1240 Heidt Street
German immigrant and “pioneer contractor” William J. Heidt built this residence about 1879 and lived here with his family until 1912. In 1919, Mary E. and Nathaniel Russell, a letter carrier for the post office, purchased the property from Heidt and lived here with their five children.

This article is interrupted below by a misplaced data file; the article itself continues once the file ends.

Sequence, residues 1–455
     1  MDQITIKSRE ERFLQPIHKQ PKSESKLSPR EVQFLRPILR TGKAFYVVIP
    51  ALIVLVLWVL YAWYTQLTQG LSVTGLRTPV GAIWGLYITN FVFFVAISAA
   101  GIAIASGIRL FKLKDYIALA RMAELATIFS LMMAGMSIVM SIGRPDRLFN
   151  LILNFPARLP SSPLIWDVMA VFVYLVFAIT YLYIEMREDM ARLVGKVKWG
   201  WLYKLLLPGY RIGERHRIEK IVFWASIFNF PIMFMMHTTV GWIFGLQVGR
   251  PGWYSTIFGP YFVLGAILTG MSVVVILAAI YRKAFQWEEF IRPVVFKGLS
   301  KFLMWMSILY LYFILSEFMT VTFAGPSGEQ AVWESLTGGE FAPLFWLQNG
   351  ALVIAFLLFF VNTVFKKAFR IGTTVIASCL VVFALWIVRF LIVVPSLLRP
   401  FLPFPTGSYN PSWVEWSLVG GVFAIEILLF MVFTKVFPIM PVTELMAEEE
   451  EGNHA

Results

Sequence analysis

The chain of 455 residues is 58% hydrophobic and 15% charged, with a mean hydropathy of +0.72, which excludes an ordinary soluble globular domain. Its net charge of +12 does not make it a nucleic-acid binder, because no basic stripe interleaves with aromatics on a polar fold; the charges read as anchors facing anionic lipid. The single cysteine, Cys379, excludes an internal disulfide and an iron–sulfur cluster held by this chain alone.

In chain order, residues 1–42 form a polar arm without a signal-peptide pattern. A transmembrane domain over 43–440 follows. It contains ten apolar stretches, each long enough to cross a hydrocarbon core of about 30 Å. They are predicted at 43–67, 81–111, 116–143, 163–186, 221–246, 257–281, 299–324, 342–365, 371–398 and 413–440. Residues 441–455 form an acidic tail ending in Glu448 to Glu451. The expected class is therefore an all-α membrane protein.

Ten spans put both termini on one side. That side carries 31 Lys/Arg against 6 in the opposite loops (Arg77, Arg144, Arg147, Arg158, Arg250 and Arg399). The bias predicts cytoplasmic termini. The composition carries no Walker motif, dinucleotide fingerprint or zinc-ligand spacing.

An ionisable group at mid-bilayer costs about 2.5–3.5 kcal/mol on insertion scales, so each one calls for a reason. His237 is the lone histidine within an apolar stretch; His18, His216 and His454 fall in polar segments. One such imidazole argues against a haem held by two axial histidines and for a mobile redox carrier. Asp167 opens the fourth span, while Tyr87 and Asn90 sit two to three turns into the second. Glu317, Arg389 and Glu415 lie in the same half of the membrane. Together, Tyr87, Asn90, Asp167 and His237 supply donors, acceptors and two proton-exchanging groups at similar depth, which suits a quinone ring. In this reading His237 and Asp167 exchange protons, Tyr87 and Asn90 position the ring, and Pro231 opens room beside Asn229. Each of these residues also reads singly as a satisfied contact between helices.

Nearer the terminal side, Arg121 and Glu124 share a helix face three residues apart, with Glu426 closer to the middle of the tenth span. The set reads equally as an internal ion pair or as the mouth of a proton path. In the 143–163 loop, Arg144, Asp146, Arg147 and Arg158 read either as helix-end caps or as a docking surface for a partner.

Their second son, Edwin Roberts Russell, graduated with degrees from Benedict College and Howard University in chemistry before entering the PhD program at University of Chicago in 1942. His arrival coincided with the university’s creation of the Metallurgical Laboratory, or “Met Lab,” where scientists studied the new element plutonium as part of the larger Manhattan Project during World War II. Russell, one of the few African Americans at the Met Lab, served as the director of a group investigating the extraction of plutonium-239 from uranium. Returning to Columbia after the war, he served as Chairman of Natural Sciences of Allen University. He later joined the Savannah River Plant as a research chemist and authored 11 patents while researching atomic energy processes before retiring after 22 years. In 1953, Russell built 1302 Heidt Street, where he lived with his wife, Dorothy Nance Russell, and daughter, Vivian. He was an early advocate for the preservation of the Waverly neighborhood.